One of my goals for 2020 is to write more, which includes new short stories. This story is less than 900 words and was inspired by the writing prompt: “Every day when you return home from work, your dog greets you by bringing you a seemingly random item, which will turn out to be useful throughout the day. One day, after a particularly stressful day of work, your dog greets you with a sword at his feet, happily wagging his tail.”
Olivia flopped down on her fluffy, purple beanbag in her living room. She let her whole body soak into the seat as she let out an exhausted sigh. The lights automatically dimmed a little to create a relaxing space. She tapped her purple star necklace, and it projected a 3D holographic sphere.
“Hey, networker, what’s on my schedule for tonight?” Olivia asked.
“You have nothing on your personal calendar,” the networker spoke in a cheerful tone based on her favorite movie actress. “However, there are several events happening tonight that may be of interest to you, including a new art exhibition at Sky View Museum.”
“Na, I think I want to stay inside tonight. I’m peopled-out.”
“Would you like me to start you a hot bath?”
“Maybe later. I want to sit here and do nothing.”
“As you wish.”
The sphere disappeared as Olivia’s dog, Shadow, rubbed his head against her beanbag and then under Olivia’s hand to be petted, which she did. She rescued Shadow a month ago at her job when a clothing rack fell him, trapping him until she freed him. It was a crazy day that day as demons, skeletons, a giant three-headed dog, and all sorts of weirdness rampaged the mall. She named the dog Shadow not only because he had black fur, but because he had a shadowy glow to him and he could blend in with the darkness to the point that one could only see his purple eyes. Olivia tried to find his owner but had no luck.
Shadow had become family to her and, in a strange way, somewhat helpful. Every morning before Olivia left for work, Shadow would bring her an item that would end up helping her out that day. She had no idea how her dog would even obtain some of the things. One time, Shadow brought her an extra lunch that she gave to her coworker, who happened to forget their lunch. Another time she was gifted a healing cut spray for when she ended up hurting herself while demonstrating a hoverboard. Some of the gifts had helped in odd ways, like a buy-one-get-one-free meal coupon for when her lame date ended up ditching her with the bill. Shadow would even sometimes bring offerings in the evening, like a bottle of wine for when her friends came over for game night that she completely forgot she was hosting.
“I don’t suppose you got a cocktail for me tonight, buddy,” she said as she scratched Shadow’s back.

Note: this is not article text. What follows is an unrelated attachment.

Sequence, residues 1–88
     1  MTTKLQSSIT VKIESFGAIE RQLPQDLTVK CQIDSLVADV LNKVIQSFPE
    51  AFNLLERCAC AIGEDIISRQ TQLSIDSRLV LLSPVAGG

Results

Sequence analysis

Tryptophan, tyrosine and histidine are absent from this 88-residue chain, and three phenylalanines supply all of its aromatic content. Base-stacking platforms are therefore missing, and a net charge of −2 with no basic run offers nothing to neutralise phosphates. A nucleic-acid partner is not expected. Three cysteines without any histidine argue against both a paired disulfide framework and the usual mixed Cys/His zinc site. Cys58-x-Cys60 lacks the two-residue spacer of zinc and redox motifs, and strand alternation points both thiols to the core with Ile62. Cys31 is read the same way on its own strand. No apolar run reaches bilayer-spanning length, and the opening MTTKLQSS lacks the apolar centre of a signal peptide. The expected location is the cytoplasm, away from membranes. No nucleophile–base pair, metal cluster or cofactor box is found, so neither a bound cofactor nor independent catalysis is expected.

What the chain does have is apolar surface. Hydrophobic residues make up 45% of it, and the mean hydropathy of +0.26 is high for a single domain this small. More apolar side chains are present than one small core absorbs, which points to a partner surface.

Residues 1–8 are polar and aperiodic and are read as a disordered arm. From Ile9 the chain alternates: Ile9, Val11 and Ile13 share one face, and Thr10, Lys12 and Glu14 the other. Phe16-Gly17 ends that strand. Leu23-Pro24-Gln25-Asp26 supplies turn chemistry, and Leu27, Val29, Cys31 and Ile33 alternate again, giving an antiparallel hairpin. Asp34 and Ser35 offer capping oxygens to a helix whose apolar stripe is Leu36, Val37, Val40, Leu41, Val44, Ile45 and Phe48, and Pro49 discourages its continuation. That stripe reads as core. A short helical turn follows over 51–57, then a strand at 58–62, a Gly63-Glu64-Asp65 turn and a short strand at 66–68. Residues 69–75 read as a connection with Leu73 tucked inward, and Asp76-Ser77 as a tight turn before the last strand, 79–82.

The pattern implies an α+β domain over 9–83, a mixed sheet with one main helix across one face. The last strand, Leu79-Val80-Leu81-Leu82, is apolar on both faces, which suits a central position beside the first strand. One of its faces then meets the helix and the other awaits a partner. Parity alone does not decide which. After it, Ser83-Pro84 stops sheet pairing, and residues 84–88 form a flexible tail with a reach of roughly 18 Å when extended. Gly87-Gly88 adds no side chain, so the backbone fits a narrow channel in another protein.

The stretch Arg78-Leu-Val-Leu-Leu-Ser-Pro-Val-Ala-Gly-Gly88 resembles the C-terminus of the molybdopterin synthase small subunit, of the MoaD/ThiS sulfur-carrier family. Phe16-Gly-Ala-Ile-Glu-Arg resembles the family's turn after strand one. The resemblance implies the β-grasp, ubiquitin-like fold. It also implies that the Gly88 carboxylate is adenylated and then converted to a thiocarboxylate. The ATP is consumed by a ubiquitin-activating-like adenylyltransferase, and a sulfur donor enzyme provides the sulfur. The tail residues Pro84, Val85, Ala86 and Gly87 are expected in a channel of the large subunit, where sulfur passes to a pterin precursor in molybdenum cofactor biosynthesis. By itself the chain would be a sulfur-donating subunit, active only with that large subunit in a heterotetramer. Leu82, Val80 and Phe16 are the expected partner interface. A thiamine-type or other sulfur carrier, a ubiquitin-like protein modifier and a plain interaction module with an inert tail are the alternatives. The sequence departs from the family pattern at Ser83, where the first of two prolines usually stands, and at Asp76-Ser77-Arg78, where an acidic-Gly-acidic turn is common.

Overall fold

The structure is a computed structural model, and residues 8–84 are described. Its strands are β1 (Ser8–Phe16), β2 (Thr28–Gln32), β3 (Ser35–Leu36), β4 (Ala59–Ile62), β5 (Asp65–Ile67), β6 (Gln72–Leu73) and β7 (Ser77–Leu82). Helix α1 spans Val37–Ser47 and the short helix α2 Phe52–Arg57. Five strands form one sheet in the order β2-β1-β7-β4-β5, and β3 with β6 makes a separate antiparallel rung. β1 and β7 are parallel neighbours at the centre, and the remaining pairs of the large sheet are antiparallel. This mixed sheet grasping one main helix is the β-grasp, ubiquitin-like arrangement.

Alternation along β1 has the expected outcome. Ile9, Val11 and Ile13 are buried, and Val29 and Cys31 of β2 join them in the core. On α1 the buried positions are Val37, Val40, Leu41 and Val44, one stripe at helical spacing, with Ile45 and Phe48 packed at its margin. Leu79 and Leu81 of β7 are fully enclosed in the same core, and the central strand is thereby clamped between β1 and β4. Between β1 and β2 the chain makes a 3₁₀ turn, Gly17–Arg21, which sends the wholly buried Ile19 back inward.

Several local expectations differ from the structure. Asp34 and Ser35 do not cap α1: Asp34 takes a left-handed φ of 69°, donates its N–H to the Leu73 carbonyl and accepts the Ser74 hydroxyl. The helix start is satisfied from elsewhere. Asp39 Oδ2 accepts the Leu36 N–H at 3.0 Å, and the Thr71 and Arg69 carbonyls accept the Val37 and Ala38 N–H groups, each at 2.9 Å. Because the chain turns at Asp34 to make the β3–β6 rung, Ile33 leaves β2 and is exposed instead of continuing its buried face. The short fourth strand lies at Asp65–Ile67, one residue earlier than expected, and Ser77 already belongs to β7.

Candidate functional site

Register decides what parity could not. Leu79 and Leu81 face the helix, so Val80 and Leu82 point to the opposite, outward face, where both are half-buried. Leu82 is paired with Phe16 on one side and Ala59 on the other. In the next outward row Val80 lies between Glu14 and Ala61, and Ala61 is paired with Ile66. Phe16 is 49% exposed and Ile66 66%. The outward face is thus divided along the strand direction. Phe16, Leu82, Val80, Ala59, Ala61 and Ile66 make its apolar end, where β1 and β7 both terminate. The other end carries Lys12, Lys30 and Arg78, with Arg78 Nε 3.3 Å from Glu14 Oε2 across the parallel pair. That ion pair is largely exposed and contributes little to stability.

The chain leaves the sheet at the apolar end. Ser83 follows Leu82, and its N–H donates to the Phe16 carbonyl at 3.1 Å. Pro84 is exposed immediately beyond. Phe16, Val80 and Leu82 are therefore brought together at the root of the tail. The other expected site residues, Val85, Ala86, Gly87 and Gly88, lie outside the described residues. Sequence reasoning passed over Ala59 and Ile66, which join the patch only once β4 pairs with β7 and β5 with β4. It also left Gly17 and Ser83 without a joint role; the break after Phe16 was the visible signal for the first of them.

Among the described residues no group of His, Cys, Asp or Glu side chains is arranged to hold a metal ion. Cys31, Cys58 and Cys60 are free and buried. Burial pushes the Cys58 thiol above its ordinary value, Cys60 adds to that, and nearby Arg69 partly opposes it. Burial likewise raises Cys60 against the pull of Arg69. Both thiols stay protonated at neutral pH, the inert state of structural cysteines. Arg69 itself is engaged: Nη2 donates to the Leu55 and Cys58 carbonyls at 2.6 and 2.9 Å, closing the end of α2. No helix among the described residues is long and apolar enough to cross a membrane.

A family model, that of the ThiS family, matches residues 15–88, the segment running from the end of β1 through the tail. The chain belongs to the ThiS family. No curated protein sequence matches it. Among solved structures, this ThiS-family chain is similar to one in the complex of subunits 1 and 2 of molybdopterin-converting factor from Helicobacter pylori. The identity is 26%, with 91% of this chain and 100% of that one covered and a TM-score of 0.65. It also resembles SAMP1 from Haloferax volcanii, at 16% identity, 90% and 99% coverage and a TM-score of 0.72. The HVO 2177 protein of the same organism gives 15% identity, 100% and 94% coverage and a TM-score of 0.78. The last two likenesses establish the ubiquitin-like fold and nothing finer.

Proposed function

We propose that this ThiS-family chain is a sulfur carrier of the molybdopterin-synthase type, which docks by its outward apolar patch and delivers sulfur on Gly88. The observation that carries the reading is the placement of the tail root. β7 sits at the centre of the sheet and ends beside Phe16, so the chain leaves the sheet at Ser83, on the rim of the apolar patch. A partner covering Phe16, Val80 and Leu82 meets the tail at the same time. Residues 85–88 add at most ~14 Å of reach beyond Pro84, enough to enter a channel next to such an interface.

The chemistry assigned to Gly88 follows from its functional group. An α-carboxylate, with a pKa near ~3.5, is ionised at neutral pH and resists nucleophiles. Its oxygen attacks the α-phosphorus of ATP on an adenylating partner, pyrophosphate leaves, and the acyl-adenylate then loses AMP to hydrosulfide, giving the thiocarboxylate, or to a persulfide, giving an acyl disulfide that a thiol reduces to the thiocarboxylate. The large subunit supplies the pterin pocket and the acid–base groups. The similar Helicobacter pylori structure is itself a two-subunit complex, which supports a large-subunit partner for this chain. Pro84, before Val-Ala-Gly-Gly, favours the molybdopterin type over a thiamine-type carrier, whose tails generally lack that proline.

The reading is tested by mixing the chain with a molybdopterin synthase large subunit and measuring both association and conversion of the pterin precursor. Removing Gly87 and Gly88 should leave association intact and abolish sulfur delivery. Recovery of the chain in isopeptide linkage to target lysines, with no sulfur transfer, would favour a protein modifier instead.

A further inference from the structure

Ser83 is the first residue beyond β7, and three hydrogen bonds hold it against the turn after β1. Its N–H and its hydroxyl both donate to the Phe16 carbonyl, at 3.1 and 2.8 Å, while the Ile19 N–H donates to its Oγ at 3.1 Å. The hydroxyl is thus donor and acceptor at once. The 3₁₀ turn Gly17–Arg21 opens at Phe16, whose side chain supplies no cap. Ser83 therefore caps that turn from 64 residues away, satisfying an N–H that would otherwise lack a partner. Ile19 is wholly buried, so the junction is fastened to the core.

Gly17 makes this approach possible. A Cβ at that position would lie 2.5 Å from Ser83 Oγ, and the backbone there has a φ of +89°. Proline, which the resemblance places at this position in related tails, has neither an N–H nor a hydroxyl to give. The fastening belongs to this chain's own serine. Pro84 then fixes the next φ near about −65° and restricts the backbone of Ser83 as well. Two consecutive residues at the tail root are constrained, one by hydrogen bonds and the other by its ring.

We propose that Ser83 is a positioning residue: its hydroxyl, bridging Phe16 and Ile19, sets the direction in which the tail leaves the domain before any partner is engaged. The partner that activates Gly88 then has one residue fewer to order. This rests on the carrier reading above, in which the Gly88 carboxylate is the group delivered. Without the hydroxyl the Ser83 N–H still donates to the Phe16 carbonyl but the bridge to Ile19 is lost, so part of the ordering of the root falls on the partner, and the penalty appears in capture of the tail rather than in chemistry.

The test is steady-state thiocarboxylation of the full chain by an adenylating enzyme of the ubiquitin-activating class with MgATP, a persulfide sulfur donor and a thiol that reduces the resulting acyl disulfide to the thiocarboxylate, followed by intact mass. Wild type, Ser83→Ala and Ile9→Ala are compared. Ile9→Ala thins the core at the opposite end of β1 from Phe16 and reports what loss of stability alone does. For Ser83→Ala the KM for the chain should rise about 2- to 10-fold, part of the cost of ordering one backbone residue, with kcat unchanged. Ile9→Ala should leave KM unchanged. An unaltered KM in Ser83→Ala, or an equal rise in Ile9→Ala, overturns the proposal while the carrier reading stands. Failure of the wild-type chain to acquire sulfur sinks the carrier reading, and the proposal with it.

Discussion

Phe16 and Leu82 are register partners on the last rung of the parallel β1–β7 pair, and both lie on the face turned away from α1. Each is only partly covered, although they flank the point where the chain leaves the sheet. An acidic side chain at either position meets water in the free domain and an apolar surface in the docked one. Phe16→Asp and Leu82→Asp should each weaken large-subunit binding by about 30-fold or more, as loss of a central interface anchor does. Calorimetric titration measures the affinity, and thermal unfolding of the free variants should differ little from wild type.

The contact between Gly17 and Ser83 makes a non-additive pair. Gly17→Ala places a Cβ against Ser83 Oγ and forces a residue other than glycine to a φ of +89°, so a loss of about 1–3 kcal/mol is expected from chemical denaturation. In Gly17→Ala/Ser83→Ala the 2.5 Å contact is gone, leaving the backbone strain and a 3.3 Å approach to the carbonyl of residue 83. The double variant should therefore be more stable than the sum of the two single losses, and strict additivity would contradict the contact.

Shadow barked and then ran off around the corner, out of sight. A moment later, Shadow came back, dragging a silver sword. Shadow took his time as he avoided scratching the wall and floors with the sword. Olivia sat up. She did not own any weapons. The dog lowered the sword by her feet, wagged his tail, and barked at her.
Olivia picked up the sword and inspected it. She could see herself with her long, curly purple hair in the blade’s reflection. She resisted the temptation to test the blade’s sharpness. It looked dangerous enough.
“You’ve never given me a weapon before, Shadow,” Olivia said as she stood up, nervous at what may happen that would cause her to use a sword. “What do you expect me to do with this?”
Shadow barked and led Olivia to his leash by the front door. Olivia grabbed the leash, and as she was about to put it on him, she realized he had her sunglasses in his mouth.
“It’s dark outside. I don’t need those.”
Shadow dropped them by Olivia’s feet. She went along with the request and put the sunglasses on after wiping them off with her t-shirt.
Olivia opened the door to be surprised by her neighbor about to knock. Her neighbor’s snake hair was on the fritz, hissing uncontrollably, biting themselves, and even herself.
“Oh, thank goodness you’re wearing sunglass,” her neighbor said in a relived panic. Gorgan snakes cannot turn a person into stone if they’re wearing sunglasses. “I must’ve eaten something I’m allergic to because my snakes are going crazy. You don’t happen to have a silver blade?”
Olivia nonchalantly raised the sword. “Will this do?”
“That’s perfect! Will you cut the snake that’s the reddest for me?”
“Isn’t that going to hurt you?”
“No, I’ll be fine, and my hair will grow back. Ow,” her neighbor explained as another snake bit her cheek.
“I don’t think I can cut off just the red one.”
“Don’t worry. Silver tends to cause the non-irritated snakes to retreat when you get it close.”
“If you said so,” Olivia said as she raised the sword, taking her word for it.
From the presence of the silver, all of the snakes retreated in defense except for red one as it stood tall. Olivia slashed the snake off in one clean cut. It hissed and withered away as husked skin. The rest of the snakes relaxed.
“Thank you so much,” her neighbor thanked with a big hug. “How about I get you a drink as a reward.”
Shadow barked. Inside his mouth were a pair of coasters.